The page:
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Hinshaw's 12 Days of California Labor & Employment Series – Day 9: Additional Leave Law Updates

In the spirit of the season—and keeping some semblance of normal—we are using our annual "12 days of the holidays" blog series to address new California laws and their impact on California employers. On this ninth day of the holidays, my labor and employment attorney gave to me: nine ladies dancing and AB 2992 and AB 2399.

Both AB 2992 and AB 2399 include expansions for extended leave and are effective January 1, 2021. Given the particularly sensitive areas that AB 2992 addresses and the potentially broad implications of AB 2399, it is especially important for employers to know this legislation and be prepared.

AB 2992: Extended Leave Availability for Victims

Prior to AB 2992, employers were prohibited from discharging, discriminating, or retaliating against an employee—who was a victim of a crime or abuse—for taking time off from work to seek medical attention or related services following the incident. Gingerbread house next to number nineIt also previously applied to employees who were a victim of domestic violence, sexual assault, and stalking.

As of January 1, 2021, under AB 2992, this type of leave has been expanded to include victims of other crimes that cause physical or mental injury, or carry a threat of physical injury. AB 2992 also includes protection for an employee who, as a direct result of a crime, lost an immediate family member.

An employee who wishes to take leave under this category must provide as much notice to their employer as is reasonable. Though "reasonable" is not defined in AB 2992, it would likely mean what is most practicable in a situation. To qualify for leave, an employee must provide some documentation. This can include any of the following:

  • Police report indicating the employee was a victim
  • Court order protecting or separating the employee from the perpetrator of the crime or abuse, or, other court documentation detailing the employee has appeared in court
  • Documentation from a licensed medical professional, domestic violence counselor, sexual assault counselor, victim advocate, licensed healthcare provider, or counselor detailing that the employee was, or is, undergoing treatment or receiving services for physical or mental injuries or abuse due to crime or abuse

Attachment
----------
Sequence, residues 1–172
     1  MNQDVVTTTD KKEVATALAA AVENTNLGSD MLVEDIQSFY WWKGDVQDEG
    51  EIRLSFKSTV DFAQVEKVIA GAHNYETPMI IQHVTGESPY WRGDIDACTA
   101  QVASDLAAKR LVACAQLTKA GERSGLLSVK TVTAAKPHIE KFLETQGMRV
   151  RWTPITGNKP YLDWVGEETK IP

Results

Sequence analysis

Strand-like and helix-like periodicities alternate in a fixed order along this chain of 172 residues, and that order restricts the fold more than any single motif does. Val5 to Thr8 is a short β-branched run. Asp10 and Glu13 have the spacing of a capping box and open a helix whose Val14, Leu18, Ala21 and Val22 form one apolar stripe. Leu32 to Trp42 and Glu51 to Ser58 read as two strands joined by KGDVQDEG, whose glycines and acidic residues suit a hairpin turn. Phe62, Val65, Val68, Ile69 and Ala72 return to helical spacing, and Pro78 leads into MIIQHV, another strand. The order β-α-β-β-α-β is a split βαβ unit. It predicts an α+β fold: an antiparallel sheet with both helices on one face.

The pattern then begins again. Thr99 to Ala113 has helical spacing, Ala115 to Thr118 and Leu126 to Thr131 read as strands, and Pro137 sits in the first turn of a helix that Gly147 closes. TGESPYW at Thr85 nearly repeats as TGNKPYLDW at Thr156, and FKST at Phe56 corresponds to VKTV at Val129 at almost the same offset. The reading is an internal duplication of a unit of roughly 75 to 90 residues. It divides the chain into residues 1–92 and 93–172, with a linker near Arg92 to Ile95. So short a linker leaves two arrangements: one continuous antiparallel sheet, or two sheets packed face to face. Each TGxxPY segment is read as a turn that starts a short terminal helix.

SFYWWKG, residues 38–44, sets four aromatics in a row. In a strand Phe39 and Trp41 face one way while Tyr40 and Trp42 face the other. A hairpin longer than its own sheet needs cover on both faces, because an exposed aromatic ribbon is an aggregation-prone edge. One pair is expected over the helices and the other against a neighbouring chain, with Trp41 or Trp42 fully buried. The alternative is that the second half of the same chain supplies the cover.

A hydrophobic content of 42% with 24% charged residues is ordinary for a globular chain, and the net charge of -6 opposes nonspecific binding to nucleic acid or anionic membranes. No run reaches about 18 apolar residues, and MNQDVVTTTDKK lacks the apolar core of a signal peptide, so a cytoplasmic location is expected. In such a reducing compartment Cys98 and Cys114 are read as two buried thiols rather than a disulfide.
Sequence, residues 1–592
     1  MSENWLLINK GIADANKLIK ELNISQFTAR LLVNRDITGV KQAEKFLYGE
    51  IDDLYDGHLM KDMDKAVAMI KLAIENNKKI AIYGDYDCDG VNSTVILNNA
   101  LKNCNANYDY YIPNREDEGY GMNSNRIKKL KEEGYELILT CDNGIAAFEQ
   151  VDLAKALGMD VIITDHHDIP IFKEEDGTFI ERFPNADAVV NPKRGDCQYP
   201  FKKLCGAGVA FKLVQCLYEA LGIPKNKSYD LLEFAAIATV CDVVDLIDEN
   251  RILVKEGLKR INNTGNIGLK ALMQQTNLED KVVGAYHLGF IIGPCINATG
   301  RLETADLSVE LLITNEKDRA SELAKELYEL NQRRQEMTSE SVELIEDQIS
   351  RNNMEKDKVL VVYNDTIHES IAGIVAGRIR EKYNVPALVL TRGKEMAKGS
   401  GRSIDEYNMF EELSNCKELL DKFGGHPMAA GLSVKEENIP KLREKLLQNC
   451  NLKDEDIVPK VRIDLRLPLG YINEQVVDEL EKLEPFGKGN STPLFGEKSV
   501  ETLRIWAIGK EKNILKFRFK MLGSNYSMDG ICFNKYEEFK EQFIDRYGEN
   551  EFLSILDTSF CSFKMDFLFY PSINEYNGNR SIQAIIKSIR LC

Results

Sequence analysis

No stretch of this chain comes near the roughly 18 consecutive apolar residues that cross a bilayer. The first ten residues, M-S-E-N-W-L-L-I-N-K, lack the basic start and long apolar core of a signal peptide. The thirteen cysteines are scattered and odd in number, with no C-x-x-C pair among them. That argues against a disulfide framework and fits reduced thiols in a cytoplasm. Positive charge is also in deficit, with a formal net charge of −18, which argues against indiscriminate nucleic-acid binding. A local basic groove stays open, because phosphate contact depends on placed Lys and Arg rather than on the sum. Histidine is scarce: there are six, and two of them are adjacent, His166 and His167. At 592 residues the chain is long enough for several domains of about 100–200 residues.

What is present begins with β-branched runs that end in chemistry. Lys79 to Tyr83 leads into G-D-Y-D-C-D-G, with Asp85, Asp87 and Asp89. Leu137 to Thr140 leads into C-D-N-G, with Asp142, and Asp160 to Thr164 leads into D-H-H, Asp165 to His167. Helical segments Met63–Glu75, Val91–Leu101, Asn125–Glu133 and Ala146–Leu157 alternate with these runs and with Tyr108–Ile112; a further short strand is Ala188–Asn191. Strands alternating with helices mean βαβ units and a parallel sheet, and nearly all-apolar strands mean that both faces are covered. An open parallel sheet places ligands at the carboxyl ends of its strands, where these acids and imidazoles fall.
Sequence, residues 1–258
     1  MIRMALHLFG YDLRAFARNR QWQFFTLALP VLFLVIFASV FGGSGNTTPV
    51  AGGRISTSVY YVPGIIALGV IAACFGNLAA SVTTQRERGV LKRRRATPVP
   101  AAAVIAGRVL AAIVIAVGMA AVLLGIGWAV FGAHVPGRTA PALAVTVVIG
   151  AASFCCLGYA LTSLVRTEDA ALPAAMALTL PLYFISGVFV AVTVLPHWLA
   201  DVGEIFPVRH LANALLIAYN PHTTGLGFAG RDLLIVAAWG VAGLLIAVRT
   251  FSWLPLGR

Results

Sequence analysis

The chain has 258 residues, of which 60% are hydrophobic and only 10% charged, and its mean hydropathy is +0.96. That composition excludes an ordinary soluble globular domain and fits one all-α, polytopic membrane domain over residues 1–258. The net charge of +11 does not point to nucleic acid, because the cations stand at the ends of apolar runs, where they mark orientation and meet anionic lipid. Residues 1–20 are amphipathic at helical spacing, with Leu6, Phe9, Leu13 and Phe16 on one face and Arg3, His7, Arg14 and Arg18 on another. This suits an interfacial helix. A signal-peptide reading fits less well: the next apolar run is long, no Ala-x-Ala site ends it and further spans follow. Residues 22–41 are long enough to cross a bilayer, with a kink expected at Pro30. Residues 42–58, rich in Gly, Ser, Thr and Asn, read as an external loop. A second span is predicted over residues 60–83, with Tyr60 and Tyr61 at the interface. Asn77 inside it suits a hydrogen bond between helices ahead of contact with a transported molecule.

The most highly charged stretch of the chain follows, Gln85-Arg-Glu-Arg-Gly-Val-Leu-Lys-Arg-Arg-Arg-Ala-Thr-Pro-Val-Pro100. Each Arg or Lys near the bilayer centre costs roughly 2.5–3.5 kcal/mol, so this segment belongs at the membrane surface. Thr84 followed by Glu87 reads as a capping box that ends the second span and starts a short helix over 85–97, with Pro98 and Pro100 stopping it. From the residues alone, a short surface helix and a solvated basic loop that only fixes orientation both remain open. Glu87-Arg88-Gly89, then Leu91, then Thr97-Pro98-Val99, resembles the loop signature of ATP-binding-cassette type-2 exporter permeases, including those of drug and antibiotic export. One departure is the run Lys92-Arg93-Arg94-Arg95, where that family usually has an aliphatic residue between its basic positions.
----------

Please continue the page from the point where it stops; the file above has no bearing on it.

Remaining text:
• Any other documentation that reasonably verifies that a crime or abuse has occurred involving the employee

AB 2399: Extended Leave Availability for Military

Effective January 1, 2021, AB 2399 will expand paid family leave for military members. Previously, wage replacement benefits were provided to workers who took time off to care for a seriously ill family member or to bond with a minor child within one year of birth or placement.

AB 2399 will provide an additional basis for leave, including time off for participation in a qualifying exigency related to the active duty or call to active duty of an individual's spouse, domestic partner, child, or parent in the U.S. Armed Forces

What Employers Need to Know

California leave laws are a minefield. As January 1, 2021 approaches, it is important that employers update handbooks to include the additional category of "violent crime" as well as to delineate the additional reasons leave may be taken for crimes or abuse. As domestic violence and violent crimes are a sensitive area, it is recommended that employers evaluate each request on a case-by-case basis, and approach them with thoughtfulness and an open mind, so as to fully evaluate if a situation does fall under this specific leave law. Similarly, it is recommended that the additional basis for military leave be added to an employer's handbook, if necessary.

Finally, to ensure they maintain compliance with all applicable leave laws, an employer's human resources team also needs to be brought up to speed on these additional reasons for leave

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